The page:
Android Jelly Bean review
19 Jul 2012
The latest version of Google's Android OS offers a smooth, satisfying user experience
Keeping up with the legion of Android versions isn’t easy, as Google is constantly improving its mobile OS to add new features and streamline existing ones. Ice Cream Sandwich (Android version 4.0) was the best yet, expanding on Honeycomb (version 3.0 – a tablet-only OS) and bringing it to smartphones, which were still stuck on Android Gingerbread (v 2.3). If nothing else, all these different versions certainly make us hungry for sugar-filled treats...
Now comes Android 4.1 Jelly Bean, the next increment in Google’s OS. Jelly Bean aims to strengthen Ice Cream Sandwich’s already solid foundations, ensuring any rough bits are smoothed out for both smartphones and tablets, rather than bolting on tons of extra bits. With that in mind, we installed Jelly Bean onto our test Samsung Galaxy Nexus smartphone and gave it a whirl.
Our Galaxy Nexus phone took around 28 seconds to boot up with Android Jelly Bean installed, shaving a few seconds off the previous boot-up time with Android Ice Cream Sandwich. First impressions are that not much has changed, at least on the surface. The lock screen features the usual padlock icon, which you can either drag right to unlock the phone, left to immediately open the camera app, or up to access the new Google Now feature (more on this later).
You can also unlock the phone using various security methods, including the innovative ‘Face Unlock’ introduced in Ice Cream Sandwich. This uses a front-facing camera to detect your features and ensure it’s really you trying to access the phone. We discovered that you could unlock phones using a photo instead of a real face, raising security concerns, but Jelly Bean gives you the option of blink confirmation – now you need to blink once to prove you’re real. Enterprising thieves will have to secure a video of their victim to get around it now – although the blink detection is a little hit-and-miss, failing to pick it up at times.
The five Android Jelly Bean desktops look the same as before, with the same excellent range of widgets to populate them with, alongside the usual live wallpapers. Press and hold the Home button and you get another shortcut to Google Now, but that’s the only obvious cosmetic change.
It’s only when you start flicking around through the desktops and menus that you realise Google’s clever tech gurus have been tinkering behind the scenes. Flicking between desktops is a silky smooth action, finally comparable to navigating through Apple’s iOS, and we noticed no lag or stuttering when browsing through Jelly Bean’s menus – something we almost always see when reviewing Android devices.
The notifications bar has also been tweaked a little, and we love it even more than ever. For a start, you can now expand or shrink notifications by dragging them up and down using two fingers. This allows you to preview an email, read a full text, or access handy ‘call back’ and ‘message’ buttons for missed call notifications. Photos you take will appear here too, with a nifty ‘share’ button that attaches them to an email or text, or gives you quick links to Google+ and Picasa (plus any social networks you’ve added).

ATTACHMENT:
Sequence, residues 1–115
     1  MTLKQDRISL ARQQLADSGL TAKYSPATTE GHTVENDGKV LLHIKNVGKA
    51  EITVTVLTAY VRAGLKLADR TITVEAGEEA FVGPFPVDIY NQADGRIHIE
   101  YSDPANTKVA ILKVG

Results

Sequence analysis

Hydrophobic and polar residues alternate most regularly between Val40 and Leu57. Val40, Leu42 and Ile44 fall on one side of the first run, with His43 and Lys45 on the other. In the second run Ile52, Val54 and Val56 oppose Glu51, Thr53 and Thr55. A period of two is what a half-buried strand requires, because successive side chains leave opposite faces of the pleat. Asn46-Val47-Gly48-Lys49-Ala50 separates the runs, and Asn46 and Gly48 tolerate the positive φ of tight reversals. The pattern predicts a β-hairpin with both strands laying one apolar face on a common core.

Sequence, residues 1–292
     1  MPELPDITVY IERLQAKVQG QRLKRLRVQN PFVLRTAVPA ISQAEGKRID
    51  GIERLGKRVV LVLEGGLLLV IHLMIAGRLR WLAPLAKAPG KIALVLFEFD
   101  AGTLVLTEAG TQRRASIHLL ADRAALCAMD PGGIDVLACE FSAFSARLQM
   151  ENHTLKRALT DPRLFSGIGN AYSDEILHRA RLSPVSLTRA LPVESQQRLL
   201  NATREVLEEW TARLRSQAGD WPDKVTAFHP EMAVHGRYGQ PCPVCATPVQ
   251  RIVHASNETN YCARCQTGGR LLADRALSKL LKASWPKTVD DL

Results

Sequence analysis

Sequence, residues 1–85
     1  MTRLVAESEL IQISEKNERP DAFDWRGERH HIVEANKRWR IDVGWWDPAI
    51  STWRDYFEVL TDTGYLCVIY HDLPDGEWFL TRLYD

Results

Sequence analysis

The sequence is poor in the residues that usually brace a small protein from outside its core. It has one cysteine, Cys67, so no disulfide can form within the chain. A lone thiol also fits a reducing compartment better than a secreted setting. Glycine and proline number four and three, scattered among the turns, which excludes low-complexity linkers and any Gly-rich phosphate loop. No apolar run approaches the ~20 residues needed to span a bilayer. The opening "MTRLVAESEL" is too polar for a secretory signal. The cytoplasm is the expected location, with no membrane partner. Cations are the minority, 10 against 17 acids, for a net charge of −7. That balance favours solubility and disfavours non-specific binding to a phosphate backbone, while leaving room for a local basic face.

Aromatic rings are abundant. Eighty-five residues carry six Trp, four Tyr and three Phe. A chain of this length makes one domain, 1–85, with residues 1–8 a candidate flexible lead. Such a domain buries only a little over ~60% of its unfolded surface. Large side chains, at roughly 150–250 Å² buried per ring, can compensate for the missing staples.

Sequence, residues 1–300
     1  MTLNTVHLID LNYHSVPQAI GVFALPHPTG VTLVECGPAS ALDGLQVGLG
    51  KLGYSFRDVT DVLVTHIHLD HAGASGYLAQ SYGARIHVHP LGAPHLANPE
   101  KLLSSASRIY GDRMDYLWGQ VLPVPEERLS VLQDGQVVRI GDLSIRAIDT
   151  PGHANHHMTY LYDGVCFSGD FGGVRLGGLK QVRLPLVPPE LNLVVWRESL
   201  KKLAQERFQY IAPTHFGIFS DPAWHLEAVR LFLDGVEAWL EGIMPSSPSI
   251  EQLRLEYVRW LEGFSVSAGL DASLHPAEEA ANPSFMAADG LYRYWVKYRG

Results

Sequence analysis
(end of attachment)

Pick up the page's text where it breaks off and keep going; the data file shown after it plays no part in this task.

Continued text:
Sticking widgets on your desktop could be a real pain on earlier versions, particularly if your desktops were cluttered with apps and other widgets already. Thankfully Jelly Bean makes things easier by shifting things out of the way to make room for a new widget. Select the widget you wish to add and hold it over a desktop, and your shortcuts and other clutter will shift about until there’s enough space.
If you’re still struggling for space, you can also resize widgets by pressing and holding on them until four blue dots appear, one on each side. Dragging a side will also automatically reposition any other stuff that gets in the way. We’ve already seen these features on LG’s Optimus 4X HD smartphone, but now all Android mobiles will take advantage of flexible widgets, providing they get the Jelly Bean upgrade.
Get a phone call and a screen similar to the lock screen pops up, showing you the caller ID. A circular icon sits in the centre of the screen, and you can either drag it to the left to decline, to the right to answer, or to the top to respond with one of four pre-set text messages (all along the lines of ‘I’m busy, call me later/I’ll call you later’).
Google Now is the big new feature in Jelly Bean, a smart service that aims to deliver important and useful information to you when you need it most. It works by displaying a number of cards, stacked in priority order, based on your current location and previous actions. For instance, you can set up traffic alerts, calendar alerts and weather updates, and Google Now can also feed you news on your favourite sports team.
At the moment it basically looks like a simple information hub, and needs more in-depth functionality to truly shine. We’re hoping that future updates will boost Google Now and make it a worthy tool.
Android 4.1 Jelly Bean is currently only available for the Samsung Galaxy Nexus, the Asus Nexus 7 tablet, Samsung’s Galaxy S smartphones and the Motorola Xoom 2. We’re hoping Jelly Bean hits more Android devices soon, as it’s a smooth and successful spit-shine to an already excellent OS.